We very often get enquiries about fixing hum problems and 90% of the time there is no fault with the synth.You should remove it from your setup and ideally take it to another premises. Remove the mains earth in the plug(THIS IS FOR TESTING PURPOSES ONLY AND YOU MUST REPLACE THE EARTH FOR SAFETY REASONS AFTERWARDS) Plug in a pair of headphones or a battery powered amp. If the hum disappears the problem is in your setup.
Usually (but not always) hum faults within the synth tend to be a low sine wave type sound whereas earth hum is a rougher more familiar sound.
This is usually but not always the battery. We can replace this and reload the factory sounds. If however the synth will not store and recall sounds even when turned on it's something else. Some later machines allow you to recover the factory presets from Rom with a startup key combination.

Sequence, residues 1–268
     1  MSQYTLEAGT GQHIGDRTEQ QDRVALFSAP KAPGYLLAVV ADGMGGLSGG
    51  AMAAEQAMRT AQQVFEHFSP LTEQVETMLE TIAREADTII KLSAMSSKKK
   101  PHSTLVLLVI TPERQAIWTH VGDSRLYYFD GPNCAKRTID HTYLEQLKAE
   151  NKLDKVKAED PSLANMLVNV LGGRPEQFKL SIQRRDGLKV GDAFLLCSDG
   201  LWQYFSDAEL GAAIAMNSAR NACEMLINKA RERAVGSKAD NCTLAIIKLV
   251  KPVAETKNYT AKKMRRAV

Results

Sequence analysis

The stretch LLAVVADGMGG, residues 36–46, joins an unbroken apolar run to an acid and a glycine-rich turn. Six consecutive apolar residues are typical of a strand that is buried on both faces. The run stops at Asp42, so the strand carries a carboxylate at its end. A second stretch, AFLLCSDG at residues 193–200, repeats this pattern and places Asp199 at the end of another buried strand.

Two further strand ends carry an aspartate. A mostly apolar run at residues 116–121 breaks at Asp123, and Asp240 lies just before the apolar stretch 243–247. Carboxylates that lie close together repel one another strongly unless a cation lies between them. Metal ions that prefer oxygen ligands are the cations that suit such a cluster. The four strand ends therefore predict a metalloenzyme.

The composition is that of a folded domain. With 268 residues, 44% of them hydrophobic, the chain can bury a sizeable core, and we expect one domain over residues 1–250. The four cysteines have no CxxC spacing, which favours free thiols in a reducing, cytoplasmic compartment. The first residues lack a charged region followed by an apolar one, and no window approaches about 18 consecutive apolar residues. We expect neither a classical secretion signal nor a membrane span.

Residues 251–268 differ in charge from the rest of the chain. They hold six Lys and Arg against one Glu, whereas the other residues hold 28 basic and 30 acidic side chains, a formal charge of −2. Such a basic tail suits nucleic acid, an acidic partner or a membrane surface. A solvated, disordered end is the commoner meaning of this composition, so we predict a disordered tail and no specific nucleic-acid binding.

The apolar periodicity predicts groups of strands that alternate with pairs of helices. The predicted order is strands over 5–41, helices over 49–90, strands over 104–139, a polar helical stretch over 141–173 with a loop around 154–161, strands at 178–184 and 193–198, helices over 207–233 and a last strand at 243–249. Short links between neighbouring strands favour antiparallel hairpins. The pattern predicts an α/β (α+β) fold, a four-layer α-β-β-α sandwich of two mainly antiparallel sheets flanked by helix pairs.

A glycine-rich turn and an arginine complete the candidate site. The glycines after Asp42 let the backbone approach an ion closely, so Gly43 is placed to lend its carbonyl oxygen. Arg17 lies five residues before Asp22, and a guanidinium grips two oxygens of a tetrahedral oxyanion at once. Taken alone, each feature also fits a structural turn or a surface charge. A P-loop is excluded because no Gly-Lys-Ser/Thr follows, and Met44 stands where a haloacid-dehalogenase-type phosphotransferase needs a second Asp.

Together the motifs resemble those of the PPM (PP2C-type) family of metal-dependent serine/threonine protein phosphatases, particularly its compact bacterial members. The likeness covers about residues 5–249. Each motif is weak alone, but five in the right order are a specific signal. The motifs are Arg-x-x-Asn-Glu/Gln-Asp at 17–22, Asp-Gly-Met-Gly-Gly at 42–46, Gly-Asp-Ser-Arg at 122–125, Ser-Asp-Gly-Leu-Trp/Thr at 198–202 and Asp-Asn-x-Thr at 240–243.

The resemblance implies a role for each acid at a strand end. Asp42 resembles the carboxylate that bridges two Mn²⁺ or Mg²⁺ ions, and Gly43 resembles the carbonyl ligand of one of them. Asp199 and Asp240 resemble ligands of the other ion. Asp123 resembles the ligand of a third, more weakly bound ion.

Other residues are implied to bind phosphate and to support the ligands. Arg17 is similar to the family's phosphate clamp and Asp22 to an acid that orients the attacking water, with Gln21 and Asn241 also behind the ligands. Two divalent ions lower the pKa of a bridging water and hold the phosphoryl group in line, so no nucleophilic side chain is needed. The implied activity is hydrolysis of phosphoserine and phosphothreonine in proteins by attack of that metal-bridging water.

The best way to prevent many problems is to play the machine regularly ! Key triggering issues, noisy pots and other issues are all much more common with instruments that have been left standing. If your synth has NIcad or AA type batteries these should be removed before storing for long periods. Gigging vintage instruments is a risky business and although it will likely be fine we can't really recommend it. If your synth is 110v put a prominent label on the front stating that fact
Again 90% of problems are in the setup and not the machine. Read the manual very carefully.Check the Midi with a MIDI keyboard plugged directly into your instrument.Remove all other leads boxes etc. Make sure your synth is connected to the right MIDI channel and is not in omni mode. Check you have a MIDI lead wired correctly. With din sync make sure the sync switches are set correctly. Note that some MIDI leads will not work as din sync leads. All the pins must be connected.
Builth Wells LD2
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